Gun battles on streets trigger ‘shelter in place’ in border city of Matamoros – Border Report


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by: Sandra Sanchez

/ Updated:

A sign reads “Good Trip” to those leaving Matamoros, Mexico, over the Gateway International Bridge that connects to Brownsville, Texas. (Sandra Sanchez/Border Report File Photo)

McALLEN, Texas (Border Report) — The northern Mexican border city of Matamoros is attempting to get things back to normal after ferocious gun battles linked to drug cartel members this weekend caused a citywide shelter-in-place order.

On Friday night, there were numerous reports of “clashes” between “criminal armed groups,” the U.S. Consulate General wrote on social media. That caused warnings to be issued throughout the weekend for consulate officials to “restrict their movements” on Saturday.

🚨Following last night’s clashes between Mexican authorities and criminal armed groups, U.S. consulate officials in Matamoros will restrict their movements to home, work, and U.S. Ports of Entry during daylight hours and shelter in place between 7: 00 P.M. and 6: 00 A.M.

— US ConGen Matamoros (@USCGMatamoros) October 23, 2021

Several gruesome and bloody photos circulated on social media attributed to shootouts between Matamoros police and members of the Gulf Cartel.

There also were images of burned vehicles and vehicles riddled with bullets.

The (McAllen) Monitor newspaper reported events began around 9 p.m. Friday when military and state police tried to stop a couple of suspicious vehicles that opened fire on law enforcement.

Tamaulipas Gov. Francisco Cabeza de Vaca boosted law enforcement as media reported that tire spikes were put on streets in a 15-block area, including highway access as several high-speed chases ensued.

The Mexican army said in a statement issued Sunday that a 32-year-old cartel leader known as “El Tigre” was killed in the confrontation.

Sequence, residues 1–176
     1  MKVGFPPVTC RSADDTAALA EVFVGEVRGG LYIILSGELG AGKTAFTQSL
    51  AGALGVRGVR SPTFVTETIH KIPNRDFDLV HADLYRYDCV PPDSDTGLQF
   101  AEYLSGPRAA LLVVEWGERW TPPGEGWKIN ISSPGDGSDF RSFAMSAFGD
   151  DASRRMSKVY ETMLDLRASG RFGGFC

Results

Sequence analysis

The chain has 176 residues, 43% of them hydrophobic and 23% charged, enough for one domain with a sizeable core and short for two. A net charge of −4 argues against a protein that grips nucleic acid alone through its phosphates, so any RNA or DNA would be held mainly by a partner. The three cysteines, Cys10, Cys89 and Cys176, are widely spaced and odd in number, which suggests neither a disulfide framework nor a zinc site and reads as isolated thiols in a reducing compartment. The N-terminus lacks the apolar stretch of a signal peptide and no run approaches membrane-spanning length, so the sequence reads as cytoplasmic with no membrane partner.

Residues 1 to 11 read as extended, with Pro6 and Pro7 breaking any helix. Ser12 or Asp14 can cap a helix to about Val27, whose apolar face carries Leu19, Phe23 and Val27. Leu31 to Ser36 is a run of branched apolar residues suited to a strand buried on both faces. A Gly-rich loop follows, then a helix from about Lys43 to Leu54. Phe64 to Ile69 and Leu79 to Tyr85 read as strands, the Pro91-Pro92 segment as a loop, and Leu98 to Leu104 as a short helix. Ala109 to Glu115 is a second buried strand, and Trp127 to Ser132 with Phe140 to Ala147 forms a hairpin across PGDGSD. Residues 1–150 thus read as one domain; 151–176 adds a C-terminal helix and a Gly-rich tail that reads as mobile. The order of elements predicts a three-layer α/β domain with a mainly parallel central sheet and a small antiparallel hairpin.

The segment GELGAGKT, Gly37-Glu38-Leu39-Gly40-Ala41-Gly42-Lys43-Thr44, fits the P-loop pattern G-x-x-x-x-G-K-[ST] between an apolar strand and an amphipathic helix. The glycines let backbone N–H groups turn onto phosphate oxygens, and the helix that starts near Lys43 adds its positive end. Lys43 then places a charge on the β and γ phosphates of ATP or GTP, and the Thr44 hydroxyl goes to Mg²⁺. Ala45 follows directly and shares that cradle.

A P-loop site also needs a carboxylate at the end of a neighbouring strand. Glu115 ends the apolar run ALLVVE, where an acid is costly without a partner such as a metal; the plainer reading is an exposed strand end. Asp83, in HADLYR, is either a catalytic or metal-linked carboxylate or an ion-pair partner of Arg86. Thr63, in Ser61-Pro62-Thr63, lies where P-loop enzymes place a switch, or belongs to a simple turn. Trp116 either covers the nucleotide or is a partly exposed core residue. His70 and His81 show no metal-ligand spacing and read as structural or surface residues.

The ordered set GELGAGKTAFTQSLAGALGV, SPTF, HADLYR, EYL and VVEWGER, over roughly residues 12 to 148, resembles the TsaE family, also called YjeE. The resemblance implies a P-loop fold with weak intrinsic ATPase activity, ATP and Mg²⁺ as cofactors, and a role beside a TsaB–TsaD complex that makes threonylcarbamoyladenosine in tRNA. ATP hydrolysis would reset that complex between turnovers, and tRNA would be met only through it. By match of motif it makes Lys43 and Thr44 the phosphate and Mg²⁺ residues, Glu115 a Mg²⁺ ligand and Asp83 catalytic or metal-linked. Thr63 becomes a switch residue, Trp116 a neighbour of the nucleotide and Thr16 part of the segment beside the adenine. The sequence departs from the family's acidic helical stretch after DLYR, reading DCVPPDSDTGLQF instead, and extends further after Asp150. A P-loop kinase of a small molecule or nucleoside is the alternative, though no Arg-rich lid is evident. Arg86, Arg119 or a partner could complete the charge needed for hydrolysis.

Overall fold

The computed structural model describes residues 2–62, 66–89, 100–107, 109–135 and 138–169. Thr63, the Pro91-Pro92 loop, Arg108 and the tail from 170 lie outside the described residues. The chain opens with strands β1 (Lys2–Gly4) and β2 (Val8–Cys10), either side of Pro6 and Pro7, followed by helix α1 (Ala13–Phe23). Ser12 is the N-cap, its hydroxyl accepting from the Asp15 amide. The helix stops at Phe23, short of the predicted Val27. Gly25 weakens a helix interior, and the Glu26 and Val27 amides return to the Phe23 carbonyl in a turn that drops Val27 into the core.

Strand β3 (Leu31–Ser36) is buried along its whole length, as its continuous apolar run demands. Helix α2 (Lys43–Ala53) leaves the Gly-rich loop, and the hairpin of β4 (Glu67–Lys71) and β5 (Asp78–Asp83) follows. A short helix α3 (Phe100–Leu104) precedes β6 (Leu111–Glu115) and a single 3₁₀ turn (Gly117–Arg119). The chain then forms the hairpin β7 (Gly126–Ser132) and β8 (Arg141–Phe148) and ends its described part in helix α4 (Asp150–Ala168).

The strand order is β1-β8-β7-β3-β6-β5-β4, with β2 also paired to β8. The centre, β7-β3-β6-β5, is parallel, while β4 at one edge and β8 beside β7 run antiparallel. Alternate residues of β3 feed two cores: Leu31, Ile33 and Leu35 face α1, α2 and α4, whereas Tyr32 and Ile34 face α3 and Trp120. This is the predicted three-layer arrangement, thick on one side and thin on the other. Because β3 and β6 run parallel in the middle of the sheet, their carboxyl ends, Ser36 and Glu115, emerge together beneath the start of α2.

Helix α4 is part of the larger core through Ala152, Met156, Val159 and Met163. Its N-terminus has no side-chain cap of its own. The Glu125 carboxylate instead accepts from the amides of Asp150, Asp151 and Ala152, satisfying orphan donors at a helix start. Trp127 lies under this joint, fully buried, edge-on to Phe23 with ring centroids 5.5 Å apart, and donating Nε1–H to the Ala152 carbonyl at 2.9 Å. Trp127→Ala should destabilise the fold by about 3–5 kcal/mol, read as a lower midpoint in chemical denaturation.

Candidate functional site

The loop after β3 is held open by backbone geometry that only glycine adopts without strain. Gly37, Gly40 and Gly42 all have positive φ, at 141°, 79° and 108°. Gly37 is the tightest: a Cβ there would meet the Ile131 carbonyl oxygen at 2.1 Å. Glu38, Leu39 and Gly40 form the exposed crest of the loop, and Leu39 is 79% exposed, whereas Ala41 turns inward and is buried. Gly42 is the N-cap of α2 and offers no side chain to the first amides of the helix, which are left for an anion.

A civilian also was killed by a stray bullet, according to media reports.

The border city of Matamoros is across the Rio Grande from Brownsville, Texas, and is where thousands of migrants sent back by the Trump administration to remain in Mexico lived in an encampment along the riverbanks.

Migrant advocates have openly worried about the safety of migrants in Matamoros where there were reports of kidnappings, rapes and other violence committed against them prior to the camp being disbanded in March.

The Biden administration is preparing to reimplement the policy, formally called the Migrant Protection Protocols program, and migrant advocates have been working with nonprofits and non-governmental organizations on both sides of the border to ensure there is adequate shelter space for migrants should they be turned back.

U.S. Rep. Henry Cuellar, D-Texas, vice chairman of the House Homeland Security Appropriations Subcommittee last week told Border Report that soft-sided judicial immigration court facilities are being built — at a cost of several million dollars — in Laredo and Brownsville for migrants returned under the MPP program. And he said his No. 1 concern is for the safety of the migrants.

 “I will talk to the Biden administration to make sure that they work with the Mexican government to provide security so nobody is in danger,” Cuellar said last Monday overlooking the Laredo facility that is being built.

An official with the Department of Homeland Security said in a court document that the program should restart in mid-November.

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